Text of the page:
Letter P

The Definition of Point Blank Shooting

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Point Blank Shooting

Shooting a target at a very very close range.


19 Other Firearms Definitions You Need To Know


JSP

Abbreviation for jacketed soft point

Bullet Trap

A type of backstop that catches the fired bullet and prevents it from exiting the area. Bullet traps are most commonly used on indoor ranges.

Bore

The tunnel down the barrel of a firearm through which the projectiles travel.

  • A smooth-bore firearm is one that does not have rifling on the barrel's internal surface.
  • A big-bore firearm is one that fires a large caliber.
  • A small-bore firearm is one that fires a small caliber.

Bolt

The mechanism of some firearms that holds the cartridge in place during the firing process. It must be moved out of the way to load and unload the gun; this action may be manually performed by the shooter pulling back on an exterior knob called the bolt handle and then sending it forward again, or the action may be performed by other moving parts within the firearm. When the user must move the bolt manually, the firearm is called a bolt-action firearm.

Ejector Star

On a revolver, the collective ejector, manually operated through the center of an opened cylinder, when activated, clears all chambers at once.

Doughnut Pattern

A shotgun pattern with a hole in the middle generally caused by the interference of the top wad.

LR

Abbreviation for Long Rifle. Typically used in the .22 caliber cartridge designation .22LR. However can be used as an abbreviation for Kentucky Long Rifle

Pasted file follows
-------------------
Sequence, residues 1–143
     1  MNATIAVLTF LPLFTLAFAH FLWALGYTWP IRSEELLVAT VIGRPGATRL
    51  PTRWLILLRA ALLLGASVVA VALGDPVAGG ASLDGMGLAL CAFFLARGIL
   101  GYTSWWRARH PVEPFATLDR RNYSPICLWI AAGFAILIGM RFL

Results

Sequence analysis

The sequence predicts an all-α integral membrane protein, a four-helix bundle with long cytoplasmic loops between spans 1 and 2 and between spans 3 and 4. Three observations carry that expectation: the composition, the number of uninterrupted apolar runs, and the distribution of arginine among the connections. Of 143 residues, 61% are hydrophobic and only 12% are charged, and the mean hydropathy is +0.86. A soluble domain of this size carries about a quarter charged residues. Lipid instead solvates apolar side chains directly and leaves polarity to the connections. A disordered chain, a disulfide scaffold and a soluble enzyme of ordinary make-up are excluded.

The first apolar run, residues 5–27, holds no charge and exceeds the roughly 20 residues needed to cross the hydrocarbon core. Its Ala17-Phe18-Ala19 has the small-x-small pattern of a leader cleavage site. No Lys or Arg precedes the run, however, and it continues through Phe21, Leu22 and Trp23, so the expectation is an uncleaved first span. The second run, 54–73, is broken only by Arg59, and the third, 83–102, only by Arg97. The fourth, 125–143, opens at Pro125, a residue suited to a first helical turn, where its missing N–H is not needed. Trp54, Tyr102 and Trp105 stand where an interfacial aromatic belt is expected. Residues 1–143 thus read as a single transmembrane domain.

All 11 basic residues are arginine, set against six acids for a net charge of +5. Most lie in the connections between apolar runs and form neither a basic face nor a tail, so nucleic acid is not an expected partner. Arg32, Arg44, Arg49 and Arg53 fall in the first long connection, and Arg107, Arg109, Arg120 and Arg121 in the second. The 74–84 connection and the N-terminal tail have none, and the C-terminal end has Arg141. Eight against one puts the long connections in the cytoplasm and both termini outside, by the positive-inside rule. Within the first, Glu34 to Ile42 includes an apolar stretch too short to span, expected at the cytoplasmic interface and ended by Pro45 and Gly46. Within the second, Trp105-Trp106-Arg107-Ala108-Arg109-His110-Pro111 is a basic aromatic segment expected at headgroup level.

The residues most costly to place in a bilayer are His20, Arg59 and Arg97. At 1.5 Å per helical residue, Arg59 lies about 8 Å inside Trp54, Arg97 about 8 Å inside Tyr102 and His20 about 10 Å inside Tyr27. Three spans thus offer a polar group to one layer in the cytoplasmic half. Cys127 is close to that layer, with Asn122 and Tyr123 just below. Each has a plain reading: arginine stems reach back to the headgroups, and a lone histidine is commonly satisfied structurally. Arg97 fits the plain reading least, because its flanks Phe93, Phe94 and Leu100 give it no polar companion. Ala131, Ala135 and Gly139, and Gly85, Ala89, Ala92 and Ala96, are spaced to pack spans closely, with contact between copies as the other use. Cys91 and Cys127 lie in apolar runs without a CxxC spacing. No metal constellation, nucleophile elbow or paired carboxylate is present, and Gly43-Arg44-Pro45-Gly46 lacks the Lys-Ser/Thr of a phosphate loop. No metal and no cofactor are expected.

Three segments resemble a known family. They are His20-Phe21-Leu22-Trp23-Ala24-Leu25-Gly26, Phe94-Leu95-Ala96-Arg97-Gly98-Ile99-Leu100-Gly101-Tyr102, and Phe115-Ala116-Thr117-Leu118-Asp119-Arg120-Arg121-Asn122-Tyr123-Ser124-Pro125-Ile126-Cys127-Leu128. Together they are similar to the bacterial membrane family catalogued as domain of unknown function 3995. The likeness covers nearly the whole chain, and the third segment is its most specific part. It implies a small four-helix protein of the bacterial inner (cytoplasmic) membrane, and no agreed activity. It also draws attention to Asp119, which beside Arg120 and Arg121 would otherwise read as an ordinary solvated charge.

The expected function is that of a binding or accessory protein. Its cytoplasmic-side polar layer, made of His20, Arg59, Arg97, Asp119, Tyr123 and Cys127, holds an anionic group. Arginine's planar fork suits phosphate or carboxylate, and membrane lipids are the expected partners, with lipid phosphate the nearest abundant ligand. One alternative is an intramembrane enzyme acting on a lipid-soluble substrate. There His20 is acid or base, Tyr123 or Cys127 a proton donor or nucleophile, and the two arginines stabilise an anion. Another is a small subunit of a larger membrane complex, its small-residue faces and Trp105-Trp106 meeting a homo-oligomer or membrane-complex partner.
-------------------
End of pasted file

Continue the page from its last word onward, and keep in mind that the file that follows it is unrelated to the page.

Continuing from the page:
Submachine Gun

A machine gun that fires pistol caliber rounds such as .45 acp or 9mm Luger (Parabellum)

Plinking

Informal shooting at any of a variety of inanimate targets.

Quarter Master

The person who supervises stores and distributes supplies and provisions.

Ball

Originally used to describe the spherical projectile used in black powder firearms, now also used to refer to a fully jacketed bullet of cylindrical profile capped with a round nose

Heavy Machine Gun

A larger class of machine gun..

Grip Panels

The interchangeable surfaces that are installed on the part of the gun that you hold. Users change grip panels to improve the look or feel of the firearm, or to personalize it so that the gun is more suited to a different hand size. Some grip panels are chosen for function, while others are chosen for looks. Common grip-panel materials are wood, plastic, and rubber.

Patch Box

Covered compartment in the buttstock of a muzzle-loading rifle used to carry patches or other small items.

Kurtz

German for "short." Seen as part of a cartridge designation. On some German manufactured guns that use .380 ACP, the designated caliber is 9mm Kurtz (9mm Short), which is also the same as the Italian 9mm Corto

Slide Catch

Sometimes also known as a slide lock, slide release or slide lever. On a semi-autmatic gun, the lever or catch that holds the slide open (after the last round is fired or when racking an empty gun). Typically they are located on the left side of the frame about mide barrel. Some of the newer semi-automatic pistols have an internal slide lock. Even though on pistols with an external slide catch, you can push down on the lever to release the slide, it should never be used in such a manner. The proper way to release the slide is to rack the slide.

Capper

A hand tool used in the field for inserting live and removing spent primers from cartridges.

Open Sights

A common type of iron sights in which the rear sight is an open-topped U or a V or a square-notch shape and with a blade type front sight, in contrast to the closed circle commonly found in aperture sights.

Ghost-Ring Sight

A type of aperture rear sight with a large opening and a thin rim that seems to fade out when the shooter looks through it. Sometimes installed on rifles and shotguns intended for home defense or police use.